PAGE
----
Welcome to Scribd, the world's digital library. Read, publish, and share books and documents. See more
Download
Standard view
Full view
of .
Look up keyword
Like this
0Activity
0 of .
Results for:
No results containing your search query
P. 1
Christ at the Door

Christ at the Door

Ratings: (0)|Views: 1|Likes:
Published by GLENN DALE PEASE
BY ALEXANDER MACLAREN


' Behold, I stand at tbe door, and knock : if any man hear My voice, and open the door, I will come in to him, and will sup with him, and he with Me.'— Rev. iii. 20.
BY ALEXANDER MACLAREN


' Behold, I stand at tbe door, and knock : if any man hear My voice, and open the door, I will come in to him, and will sup with him, and he with Me.'— Rev. iii. 20.

More info:

Published by: GLENN DALE PEASE on May 15, 2014
Copyright:Traditional Copyright: All rights reserved

Availability:

Read on Scribd mobile: iPhone, iPad and Android.
download as PDF, TXT or read online from Scribd
See more
See less

05/15/2014

pdf

text

original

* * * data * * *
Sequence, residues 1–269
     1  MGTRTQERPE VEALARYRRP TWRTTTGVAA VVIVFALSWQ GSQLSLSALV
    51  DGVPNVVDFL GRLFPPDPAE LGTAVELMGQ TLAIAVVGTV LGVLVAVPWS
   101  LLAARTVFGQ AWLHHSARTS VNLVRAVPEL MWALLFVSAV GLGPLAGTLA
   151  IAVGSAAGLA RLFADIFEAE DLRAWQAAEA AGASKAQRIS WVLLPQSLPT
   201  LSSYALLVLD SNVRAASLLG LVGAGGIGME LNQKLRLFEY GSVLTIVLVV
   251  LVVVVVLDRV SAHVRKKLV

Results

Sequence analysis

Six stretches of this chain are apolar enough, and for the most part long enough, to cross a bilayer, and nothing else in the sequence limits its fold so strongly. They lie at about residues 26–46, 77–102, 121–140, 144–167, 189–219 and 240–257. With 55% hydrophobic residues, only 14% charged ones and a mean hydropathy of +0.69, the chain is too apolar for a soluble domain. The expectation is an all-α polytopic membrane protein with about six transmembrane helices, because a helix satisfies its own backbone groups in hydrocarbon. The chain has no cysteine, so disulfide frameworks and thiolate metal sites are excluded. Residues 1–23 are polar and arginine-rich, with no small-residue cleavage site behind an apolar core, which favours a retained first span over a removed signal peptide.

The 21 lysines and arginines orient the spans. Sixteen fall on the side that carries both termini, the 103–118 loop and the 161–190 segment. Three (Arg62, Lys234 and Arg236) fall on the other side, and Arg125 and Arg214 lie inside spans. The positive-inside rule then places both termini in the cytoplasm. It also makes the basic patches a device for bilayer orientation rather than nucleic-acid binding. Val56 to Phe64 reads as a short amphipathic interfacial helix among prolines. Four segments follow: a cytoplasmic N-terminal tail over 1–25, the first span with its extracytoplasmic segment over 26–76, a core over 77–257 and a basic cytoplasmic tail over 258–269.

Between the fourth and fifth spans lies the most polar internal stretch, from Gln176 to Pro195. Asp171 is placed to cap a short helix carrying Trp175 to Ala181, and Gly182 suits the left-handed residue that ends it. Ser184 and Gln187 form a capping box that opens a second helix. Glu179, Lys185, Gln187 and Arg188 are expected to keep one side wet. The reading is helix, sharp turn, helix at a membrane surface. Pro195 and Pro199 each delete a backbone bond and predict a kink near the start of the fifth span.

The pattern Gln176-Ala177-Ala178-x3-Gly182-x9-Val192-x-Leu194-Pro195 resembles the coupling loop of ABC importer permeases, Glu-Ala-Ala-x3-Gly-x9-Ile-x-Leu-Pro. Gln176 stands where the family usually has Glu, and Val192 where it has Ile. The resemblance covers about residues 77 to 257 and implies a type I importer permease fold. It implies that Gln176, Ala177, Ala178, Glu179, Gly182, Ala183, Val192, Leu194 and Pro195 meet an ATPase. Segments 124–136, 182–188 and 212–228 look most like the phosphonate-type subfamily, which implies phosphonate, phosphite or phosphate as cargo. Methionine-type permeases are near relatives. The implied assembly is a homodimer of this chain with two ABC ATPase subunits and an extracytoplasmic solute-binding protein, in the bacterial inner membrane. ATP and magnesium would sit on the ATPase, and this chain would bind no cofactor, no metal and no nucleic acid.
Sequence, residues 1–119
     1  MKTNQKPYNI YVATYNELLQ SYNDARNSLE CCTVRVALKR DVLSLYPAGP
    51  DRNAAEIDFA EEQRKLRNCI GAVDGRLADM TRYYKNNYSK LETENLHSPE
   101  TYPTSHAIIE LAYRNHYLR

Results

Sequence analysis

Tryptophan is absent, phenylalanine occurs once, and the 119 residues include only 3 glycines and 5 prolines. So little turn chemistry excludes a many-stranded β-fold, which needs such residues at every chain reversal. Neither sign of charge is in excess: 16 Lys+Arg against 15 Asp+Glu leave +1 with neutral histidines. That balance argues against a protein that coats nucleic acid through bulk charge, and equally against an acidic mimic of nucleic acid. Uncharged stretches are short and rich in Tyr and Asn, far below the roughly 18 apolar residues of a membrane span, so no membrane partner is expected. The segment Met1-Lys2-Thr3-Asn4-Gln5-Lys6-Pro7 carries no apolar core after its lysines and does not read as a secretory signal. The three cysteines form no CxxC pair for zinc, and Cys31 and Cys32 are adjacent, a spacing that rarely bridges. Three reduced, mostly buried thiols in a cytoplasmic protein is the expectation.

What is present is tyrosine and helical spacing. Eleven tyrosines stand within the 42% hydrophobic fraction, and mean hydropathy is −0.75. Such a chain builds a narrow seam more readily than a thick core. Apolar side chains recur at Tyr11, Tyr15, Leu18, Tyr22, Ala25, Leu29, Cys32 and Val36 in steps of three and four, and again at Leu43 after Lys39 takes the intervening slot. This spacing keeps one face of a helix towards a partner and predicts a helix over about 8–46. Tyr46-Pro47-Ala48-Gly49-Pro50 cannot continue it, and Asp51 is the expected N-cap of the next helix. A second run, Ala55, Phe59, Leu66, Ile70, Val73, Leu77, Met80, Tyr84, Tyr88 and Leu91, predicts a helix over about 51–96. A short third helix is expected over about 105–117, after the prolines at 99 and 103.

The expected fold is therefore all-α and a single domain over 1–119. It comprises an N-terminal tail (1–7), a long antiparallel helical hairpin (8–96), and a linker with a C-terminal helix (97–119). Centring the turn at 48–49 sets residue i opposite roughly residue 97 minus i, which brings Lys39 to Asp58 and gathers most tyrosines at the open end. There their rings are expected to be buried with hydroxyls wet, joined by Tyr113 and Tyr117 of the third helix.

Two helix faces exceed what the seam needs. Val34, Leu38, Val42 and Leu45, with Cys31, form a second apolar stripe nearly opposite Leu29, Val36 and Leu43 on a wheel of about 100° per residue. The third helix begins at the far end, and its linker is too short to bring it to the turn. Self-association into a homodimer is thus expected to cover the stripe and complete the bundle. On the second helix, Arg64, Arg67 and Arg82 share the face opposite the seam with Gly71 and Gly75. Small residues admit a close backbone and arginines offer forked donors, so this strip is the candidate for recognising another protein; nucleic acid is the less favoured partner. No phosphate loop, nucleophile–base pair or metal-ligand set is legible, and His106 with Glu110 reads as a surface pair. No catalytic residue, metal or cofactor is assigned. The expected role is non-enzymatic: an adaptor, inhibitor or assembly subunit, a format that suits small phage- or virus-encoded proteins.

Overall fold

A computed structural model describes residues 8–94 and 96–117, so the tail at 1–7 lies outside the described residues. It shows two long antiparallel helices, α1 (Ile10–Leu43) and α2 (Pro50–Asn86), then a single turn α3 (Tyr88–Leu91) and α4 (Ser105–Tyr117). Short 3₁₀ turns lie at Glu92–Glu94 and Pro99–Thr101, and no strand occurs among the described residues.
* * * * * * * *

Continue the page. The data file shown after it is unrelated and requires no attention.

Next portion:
CHRIST AT THE DOOR BY ALEXADER MACLARE' Behold, I stand at tbe door, and knock : if any man hear My voice, and open the door, I will come in to him, and will sup with him, and he with Me.'— Rev. iii. 20. Many of us are familiar, I dare say, with the devoutly imaginative rendering of the first part of these won- derful words, which we owe to the genius of a living painter. In it we see the fast shut door, with rusted hinges, all overgrown with rank, poisonous weeds, which tell how long it has been closed. There stands, amid the night dews and the darkness, the patient Son of man, one hand laid on the door, the other bear- ing a light, which may perchance flash through some of its chinks. In His face are love repelled, and pity all but wasted ; in the touch of His hand are gentleness and authority. But the picture pauses, of course, at the beginning of my text, and its sequel is quite as wonderful as its first part. • I will come in to him, and sup with him, and he with Me.' What can surpass such words as these ? I venture to take this great text, and ask you to look with me at the three things that lie in it ; the suppliant for admission ; the door opened ; the entrance, and the feast. I. Think, then, first of all, of that suppliant for admission. I suppose that the briefest explanation of my text is sufficient. Who knocks? The exalted Christ. What is the door? This closed heart of man. What does He desire? Entrance. What are His knockings and His voice ? All providences ; all monitions of His Spirit in man's spirit and conscience ; the direct invita-